Change is hard for most people. You get used to the certain way something is; a behavior, a habit, a personality. a landmark, etc, and when it no longer is how it was, you have to readjust. The 1920’s brought a great deal of change to the US in many way, shapes, and forms – from the way women acted traditionally to the way children were educated. The world had been shaken and all the pieces were trying to fall back into (a better) place, or that was the idea at least. There was a struggle as to how to separate government control and personal rights and freedoms. Where was the line to be drawn, and how far could governmental influence go? There was a want for a country that was morally right and just, that could lead the world in prosperity and wealth. After coming out of a world dividing war, unity and positivity was on the forefront of the population’s mind.
Deciding between right and wrong in the views of society, became a widely publicized topic due to the increases in popularity of radio and other communication tools. Ideas and feelings spread more rapidly, creating a larger and more outspoken support system for and against controversial matters. One of the largest being Prohibition. As with all controversial topics, there are many pros and cons; in this case the nation’s society debated against alcohol and it’s influence on the morality of the country. Was it to blame for the state of the things and could it be the obstacle holding the country back from exponential growth?
Prohibition was the dramatic move the government decided to enforce to really rock the country and force change. The 18th Amendment of 1917 that went into effect in 1920 prohibited the consumption, creation, sale, and purchase of alcohol (Keene, Jennifer, et.al, 633). The government decided to take a step into the personal freedoms of the residents of the country. They believed it could lead to decreasing poor and irresponsible decisions made in relation to the intoxicating properties of alcoholic beverages that contained over 0.5% of alcohol. Decreasing a wasteful habit, ideally, would lead to an increase in productivity and promoting a ‘dry’ nation would create a responsible workforce. Prohibition was also thought to increase the amount of funds that families would have to put in savings, or use towards socially acceptable and morally ‘positive’ activities or goods. By supporting family-oriented events, the government felt as though prosperity would flourish and wholesome traits and teachings would result. All of those potential and actual results were fine and dandy. It seemed to be a success.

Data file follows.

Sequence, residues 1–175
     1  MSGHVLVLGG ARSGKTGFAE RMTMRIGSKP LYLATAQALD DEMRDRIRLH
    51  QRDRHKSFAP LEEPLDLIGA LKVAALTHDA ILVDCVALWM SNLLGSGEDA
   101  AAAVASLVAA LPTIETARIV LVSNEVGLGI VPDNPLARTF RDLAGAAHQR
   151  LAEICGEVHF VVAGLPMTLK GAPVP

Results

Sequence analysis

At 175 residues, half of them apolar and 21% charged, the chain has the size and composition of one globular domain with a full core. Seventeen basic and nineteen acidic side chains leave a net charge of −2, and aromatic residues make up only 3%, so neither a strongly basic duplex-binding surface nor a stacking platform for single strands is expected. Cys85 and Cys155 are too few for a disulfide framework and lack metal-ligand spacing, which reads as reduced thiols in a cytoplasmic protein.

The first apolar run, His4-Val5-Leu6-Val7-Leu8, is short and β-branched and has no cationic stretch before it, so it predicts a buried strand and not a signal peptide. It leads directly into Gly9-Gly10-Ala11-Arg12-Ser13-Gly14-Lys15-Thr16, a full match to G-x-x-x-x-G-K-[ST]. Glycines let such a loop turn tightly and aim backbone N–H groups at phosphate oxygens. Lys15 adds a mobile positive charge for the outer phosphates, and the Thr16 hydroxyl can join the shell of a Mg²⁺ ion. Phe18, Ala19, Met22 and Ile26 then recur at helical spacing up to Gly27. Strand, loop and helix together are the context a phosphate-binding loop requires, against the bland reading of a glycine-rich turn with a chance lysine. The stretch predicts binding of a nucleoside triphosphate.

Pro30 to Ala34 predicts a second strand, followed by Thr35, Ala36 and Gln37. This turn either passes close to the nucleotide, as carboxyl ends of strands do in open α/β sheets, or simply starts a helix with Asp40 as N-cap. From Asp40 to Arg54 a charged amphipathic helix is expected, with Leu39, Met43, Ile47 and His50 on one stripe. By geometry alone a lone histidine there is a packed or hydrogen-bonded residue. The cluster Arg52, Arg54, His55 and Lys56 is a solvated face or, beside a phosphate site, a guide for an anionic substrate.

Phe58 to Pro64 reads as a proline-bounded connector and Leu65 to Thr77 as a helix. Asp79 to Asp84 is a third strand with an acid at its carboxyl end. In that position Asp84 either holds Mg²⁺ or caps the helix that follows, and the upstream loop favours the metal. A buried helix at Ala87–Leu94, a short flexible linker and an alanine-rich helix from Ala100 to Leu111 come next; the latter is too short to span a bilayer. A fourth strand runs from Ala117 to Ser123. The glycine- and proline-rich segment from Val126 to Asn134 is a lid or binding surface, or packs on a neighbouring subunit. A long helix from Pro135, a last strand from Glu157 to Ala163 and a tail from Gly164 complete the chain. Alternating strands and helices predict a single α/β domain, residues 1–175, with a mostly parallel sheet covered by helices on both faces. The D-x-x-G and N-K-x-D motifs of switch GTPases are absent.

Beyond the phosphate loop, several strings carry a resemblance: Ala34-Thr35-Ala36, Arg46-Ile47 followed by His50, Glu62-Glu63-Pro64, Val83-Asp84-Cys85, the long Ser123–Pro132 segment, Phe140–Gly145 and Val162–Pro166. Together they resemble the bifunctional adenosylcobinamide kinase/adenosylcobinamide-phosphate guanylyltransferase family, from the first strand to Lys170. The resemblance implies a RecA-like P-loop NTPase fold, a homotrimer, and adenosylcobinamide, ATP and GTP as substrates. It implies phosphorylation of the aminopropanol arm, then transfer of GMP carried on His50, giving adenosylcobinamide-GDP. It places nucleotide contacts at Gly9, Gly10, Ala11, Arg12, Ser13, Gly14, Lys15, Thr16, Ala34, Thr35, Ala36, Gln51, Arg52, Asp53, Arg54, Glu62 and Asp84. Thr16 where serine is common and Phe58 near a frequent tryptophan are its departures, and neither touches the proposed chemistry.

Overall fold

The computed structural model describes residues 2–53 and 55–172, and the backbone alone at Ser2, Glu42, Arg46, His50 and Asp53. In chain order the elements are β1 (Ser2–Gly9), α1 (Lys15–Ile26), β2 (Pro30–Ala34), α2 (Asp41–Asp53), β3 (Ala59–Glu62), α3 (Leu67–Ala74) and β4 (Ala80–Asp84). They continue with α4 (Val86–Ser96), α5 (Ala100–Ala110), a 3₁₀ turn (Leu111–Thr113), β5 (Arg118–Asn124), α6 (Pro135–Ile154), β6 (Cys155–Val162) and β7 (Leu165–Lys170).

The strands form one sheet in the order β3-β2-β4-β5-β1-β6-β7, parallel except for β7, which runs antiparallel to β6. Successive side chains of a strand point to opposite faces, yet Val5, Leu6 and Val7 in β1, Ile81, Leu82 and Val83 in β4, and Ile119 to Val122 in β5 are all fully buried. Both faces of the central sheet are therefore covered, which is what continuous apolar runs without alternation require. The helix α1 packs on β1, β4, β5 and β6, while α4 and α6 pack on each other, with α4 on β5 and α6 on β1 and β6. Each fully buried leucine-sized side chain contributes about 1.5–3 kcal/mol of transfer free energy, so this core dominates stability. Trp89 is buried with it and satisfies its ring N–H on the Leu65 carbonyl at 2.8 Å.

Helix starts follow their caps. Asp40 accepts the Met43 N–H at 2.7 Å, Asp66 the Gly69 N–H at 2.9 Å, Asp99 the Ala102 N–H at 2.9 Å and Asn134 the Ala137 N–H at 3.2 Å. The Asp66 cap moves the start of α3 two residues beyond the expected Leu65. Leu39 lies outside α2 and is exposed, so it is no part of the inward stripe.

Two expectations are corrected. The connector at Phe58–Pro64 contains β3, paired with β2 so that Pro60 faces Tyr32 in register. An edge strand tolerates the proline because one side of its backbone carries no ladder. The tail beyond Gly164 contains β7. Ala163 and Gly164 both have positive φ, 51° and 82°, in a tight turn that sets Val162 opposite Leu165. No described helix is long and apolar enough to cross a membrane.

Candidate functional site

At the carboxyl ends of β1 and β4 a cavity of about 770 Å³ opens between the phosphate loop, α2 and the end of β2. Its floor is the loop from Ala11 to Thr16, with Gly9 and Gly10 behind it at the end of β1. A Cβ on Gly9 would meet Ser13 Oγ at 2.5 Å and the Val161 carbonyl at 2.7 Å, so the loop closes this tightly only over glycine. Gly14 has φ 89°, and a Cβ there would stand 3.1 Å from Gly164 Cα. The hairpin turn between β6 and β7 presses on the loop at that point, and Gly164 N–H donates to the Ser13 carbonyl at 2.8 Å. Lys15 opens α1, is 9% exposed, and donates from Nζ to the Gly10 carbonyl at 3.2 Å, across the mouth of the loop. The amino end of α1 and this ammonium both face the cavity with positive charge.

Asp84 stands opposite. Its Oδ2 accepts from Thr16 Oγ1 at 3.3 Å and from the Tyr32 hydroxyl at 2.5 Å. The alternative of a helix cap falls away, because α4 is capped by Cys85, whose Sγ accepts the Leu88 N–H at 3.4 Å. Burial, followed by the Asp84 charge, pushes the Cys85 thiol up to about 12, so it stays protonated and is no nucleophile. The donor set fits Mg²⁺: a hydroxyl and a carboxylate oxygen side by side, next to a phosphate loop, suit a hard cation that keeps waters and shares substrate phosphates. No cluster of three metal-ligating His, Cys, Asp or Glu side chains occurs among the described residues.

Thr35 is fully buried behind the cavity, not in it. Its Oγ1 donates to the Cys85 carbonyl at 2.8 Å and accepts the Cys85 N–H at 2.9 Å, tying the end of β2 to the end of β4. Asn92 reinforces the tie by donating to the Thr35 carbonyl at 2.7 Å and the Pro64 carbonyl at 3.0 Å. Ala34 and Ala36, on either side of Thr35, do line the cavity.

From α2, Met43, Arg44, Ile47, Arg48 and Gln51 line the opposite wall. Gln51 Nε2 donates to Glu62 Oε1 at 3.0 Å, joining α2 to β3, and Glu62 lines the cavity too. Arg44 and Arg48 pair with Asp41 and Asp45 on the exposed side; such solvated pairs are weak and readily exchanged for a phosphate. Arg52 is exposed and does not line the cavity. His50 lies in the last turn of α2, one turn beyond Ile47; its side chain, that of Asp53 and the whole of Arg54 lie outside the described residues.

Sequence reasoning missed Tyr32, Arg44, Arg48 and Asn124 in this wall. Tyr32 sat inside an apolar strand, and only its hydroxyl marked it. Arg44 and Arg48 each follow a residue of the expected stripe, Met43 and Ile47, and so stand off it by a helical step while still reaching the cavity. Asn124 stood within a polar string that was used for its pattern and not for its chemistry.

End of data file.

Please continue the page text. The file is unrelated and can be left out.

Unfortunately there were unintended consequences to prohibition. After surviving a world war, the nation was looking to regroup and unify after such an event. Prohibition counter-acted that. It divided the states against one and other, by putting the population at odds; you either supported prohibition or you drank illegally. It influenced the growth of disrespect to laws and government. People commonly ignored the laws and created a pop culture of fashionable illegal practices, only making a more negatively regarded government. Producing a rebellious population that did anything they could to get their hands on alcohol, made for a tough environment for police officers and law enforcers. Prohibition took money out of a strong and steady industry that supported the federal treasury, and put that money directly in the hands of newly-founded criminals. All of these reasons and others, seemed to also be the cause of the Great Depression of 1929 (Keene, Jennifer, et.al, 634), the complete opposite of national prosperity.
Due to the negative reasons listed above, my stand towards the prohibition is that the government really overstepped their boundaries on regulating human freedoms and rights. They created more negative, than positive, by trying to put a standard or definition as to what should be morally right for all citizens. By outlawing alcohol, they not only upset people who used drinking as a way to unwind after long working hours in tough conditions, as well as industry leaders that created alcohol beverages and supported the federal markets. The government, in trying to target a few irresponsible consumers, they upset a large majority of responsible consumers. The faults of few should not be held against the actions of all. Although the government had very good intentions and ideally a great idea to make the nation great, they created a monster of situation that made matters worse. Prosperity comes to those who have the freedom to live and pursue the happiness they desire – I mean isn’t that the reason the US came to be?
Keene, Jennifer, et.al. Visions of America: a History of the United States. Volume 2, Boston: Pearson Education, 2015.